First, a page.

Midway has a lengthy history of crashes. One of my earliest memories is being taken out to a crash site in the middle of the night, in my mother's arms, then my father's, being passed from to the other like a little package, wrapped in a blanket. It was on the 55th and Central side of the airport, the same location as the 2005 crash. I remember looking through the chain link fence and seeing the tail and another section of the plane in flames (maybe a DC3, this was back in the day when prop planes were still the backbone of air travel). I saw no bodies or carnage, but that burning wreckage stays with me to this day.

I remember December 7, 1972 -- it should be noted that the airport extends between 55th and 63rd street -- so 70th was still close by. The carnage was so devastating I thought it would be the death knell of Midway Airport. Who would want to land at that little square mile postage stamp of an airport? Even though I remember in its heyday a cheap evening's entertainment could be had by going out to the parking lot at 63rd and Cicero to watch the planes landing and taking off.

I also remember an old World War II prop plane, on its way to an air show, taking out a house somewhere around 62nd Street, near the Nathan Hale school. That was some time in the later 1970s -- when I'd already moved up to the north side.

In 2002, while I was in San Jose for the Worldcon, I'd gone out on this little outdoor patio in the convention center to smoke. Plenty of people out there -- drinking coffee, talking, eating the bad snacks from the convention center's food service. The San Jose Intl. Airport is fairly close, and one of the flight paths go right over the downtown area, where the Worldcon was located. I could tell the people who there from the east coast -- they quietly freaked out with every jet that passed over (this was a year after 9/11). They had this sense that "something was out of place" -- jets shouldn't be that low over a populated area.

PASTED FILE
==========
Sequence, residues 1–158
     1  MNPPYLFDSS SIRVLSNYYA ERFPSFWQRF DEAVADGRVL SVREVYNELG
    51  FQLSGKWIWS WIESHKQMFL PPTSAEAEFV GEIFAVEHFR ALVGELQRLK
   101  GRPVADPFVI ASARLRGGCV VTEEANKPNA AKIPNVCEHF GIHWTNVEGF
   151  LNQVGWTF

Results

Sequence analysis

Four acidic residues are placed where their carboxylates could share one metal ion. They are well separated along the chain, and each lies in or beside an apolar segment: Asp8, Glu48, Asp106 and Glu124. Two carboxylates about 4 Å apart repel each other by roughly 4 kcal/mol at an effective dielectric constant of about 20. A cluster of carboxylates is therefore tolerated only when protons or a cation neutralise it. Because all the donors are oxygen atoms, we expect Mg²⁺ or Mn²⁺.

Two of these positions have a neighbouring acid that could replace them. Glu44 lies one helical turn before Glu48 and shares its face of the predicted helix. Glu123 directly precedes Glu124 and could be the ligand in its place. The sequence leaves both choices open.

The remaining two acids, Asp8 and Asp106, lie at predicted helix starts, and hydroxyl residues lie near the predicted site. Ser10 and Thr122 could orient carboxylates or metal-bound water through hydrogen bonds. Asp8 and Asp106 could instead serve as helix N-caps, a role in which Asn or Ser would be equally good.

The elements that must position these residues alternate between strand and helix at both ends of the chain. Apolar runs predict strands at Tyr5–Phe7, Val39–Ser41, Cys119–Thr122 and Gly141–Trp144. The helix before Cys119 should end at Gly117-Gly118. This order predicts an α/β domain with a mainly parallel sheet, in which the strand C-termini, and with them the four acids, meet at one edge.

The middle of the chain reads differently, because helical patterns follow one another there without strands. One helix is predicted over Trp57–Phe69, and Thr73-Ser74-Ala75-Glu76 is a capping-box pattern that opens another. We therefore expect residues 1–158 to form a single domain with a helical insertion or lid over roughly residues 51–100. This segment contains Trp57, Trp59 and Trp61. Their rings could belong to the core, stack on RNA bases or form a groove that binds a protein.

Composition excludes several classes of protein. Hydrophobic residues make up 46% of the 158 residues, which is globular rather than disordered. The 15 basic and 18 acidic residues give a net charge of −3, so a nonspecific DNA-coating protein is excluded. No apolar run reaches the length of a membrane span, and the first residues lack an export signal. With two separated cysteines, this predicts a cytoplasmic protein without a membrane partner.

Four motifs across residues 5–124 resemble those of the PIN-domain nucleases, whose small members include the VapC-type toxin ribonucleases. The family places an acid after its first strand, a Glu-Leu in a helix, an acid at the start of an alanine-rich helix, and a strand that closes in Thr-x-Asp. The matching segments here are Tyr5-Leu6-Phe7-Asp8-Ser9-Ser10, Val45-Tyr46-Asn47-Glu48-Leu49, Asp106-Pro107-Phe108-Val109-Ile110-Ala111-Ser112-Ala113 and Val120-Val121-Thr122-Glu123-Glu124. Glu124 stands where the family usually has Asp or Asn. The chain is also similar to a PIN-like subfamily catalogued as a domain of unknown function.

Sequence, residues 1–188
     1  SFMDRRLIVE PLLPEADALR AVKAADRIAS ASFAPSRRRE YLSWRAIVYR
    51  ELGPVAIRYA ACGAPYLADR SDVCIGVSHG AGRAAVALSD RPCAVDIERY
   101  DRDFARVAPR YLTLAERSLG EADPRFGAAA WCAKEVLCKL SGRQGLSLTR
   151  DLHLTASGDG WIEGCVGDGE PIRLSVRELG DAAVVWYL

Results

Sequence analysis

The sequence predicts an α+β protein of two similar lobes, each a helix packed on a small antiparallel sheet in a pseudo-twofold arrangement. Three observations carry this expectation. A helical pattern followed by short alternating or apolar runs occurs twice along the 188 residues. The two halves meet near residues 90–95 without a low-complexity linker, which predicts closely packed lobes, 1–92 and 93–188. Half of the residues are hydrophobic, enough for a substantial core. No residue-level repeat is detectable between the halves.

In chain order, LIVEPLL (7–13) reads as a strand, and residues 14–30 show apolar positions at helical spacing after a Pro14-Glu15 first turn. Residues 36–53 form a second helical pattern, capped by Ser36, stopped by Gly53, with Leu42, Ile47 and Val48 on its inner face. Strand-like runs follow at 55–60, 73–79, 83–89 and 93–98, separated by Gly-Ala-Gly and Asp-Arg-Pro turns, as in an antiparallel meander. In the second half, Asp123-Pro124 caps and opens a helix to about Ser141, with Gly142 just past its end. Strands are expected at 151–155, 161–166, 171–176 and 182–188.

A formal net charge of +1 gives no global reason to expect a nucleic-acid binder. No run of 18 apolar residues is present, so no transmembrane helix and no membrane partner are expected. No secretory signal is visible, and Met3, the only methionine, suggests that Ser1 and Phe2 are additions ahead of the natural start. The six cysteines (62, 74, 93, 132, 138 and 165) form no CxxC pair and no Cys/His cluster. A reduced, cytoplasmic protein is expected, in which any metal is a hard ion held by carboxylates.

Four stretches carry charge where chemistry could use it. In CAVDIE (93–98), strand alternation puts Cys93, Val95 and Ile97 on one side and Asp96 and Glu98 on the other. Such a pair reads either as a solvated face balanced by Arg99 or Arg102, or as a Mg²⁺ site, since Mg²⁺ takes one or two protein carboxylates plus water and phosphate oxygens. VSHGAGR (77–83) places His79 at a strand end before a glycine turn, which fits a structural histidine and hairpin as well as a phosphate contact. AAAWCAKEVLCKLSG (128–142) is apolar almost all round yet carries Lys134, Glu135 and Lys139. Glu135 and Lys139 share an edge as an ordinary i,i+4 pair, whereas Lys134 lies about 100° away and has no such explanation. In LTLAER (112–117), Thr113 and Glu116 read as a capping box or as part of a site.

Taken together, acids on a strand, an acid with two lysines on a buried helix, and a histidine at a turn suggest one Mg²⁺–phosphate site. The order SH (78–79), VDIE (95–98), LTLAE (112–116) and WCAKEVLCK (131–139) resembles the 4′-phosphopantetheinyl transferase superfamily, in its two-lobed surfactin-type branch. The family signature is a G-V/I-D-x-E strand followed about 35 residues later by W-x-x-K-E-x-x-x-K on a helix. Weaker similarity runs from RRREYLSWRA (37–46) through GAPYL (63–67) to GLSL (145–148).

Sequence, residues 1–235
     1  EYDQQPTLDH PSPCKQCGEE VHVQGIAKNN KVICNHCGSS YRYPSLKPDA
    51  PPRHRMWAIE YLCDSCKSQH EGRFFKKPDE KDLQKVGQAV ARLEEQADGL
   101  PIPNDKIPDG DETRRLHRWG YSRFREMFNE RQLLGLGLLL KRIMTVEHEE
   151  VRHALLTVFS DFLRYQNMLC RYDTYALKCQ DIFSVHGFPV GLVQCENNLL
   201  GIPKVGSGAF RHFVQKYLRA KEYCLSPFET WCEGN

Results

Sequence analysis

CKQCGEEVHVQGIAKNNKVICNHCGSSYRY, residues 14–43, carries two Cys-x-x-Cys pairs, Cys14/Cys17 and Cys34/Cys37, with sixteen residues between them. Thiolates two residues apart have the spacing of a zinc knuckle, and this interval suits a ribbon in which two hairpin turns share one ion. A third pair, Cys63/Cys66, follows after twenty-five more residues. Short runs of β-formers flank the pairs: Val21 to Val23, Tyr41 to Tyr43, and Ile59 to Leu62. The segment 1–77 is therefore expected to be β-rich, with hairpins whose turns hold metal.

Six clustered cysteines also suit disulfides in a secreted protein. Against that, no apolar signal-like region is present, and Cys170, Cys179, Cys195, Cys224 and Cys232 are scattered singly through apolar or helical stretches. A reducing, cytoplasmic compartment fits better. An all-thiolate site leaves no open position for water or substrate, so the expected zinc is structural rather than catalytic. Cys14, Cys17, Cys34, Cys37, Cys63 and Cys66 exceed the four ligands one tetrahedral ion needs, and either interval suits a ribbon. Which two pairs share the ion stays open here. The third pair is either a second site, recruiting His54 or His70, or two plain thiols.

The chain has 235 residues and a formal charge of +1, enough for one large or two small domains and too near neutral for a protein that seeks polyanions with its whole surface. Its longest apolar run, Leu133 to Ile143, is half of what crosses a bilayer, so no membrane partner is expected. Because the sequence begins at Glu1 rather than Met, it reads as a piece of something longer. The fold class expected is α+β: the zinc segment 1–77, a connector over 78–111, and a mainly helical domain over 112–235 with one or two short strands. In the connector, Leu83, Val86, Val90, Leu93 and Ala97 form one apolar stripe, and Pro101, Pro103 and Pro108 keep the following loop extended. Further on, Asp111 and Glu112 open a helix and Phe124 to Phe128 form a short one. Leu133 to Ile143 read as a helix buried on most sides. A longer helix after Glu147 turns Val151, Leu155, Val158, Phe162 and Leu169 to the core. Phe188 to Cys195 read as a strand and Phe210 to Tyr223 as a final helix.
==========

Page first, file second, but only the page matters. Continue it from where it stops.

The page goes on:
But I grew up with that sort of thing, until Midway lost all its business to O'Hare. Even then, Midway was the place where the Goodyear blimp moored when it was in town. I was used to seeing planes coming in so low you could make out the heads of passengers through the windows.

I have vague memories of another crash, more toward Marquette Park, sometime in the '60s. A lot of houses taken out, a lot of bodies spread over a wide area. There were some neighborhood people caught taking wallets and watches off the bodies. Chicago is Chicago.

Windycon has been out at Wyndham O'Hare Rosemont the past few years, next to the Allstate Arena, and another flight path brings the planes down low right over their parking lots. There are times it seems like one flight slightly off course would shave the twelfth floor off the top of the hotel. Some folks get freaked out. Most are oblivious. But I find it all familiar, watching the planes come in.

But I also remember those horrendous crashes, how the cops and fire department worked heroically in that nightmare in '72. The cops are always under a cloud in this city, but at moments like that you get to see how seriously most cops take their jobs. Would that we could see that in less devastating moments. And that life that seems so commonplace, serene, complacent, even mundane, can be wiped out in a second, with no warning.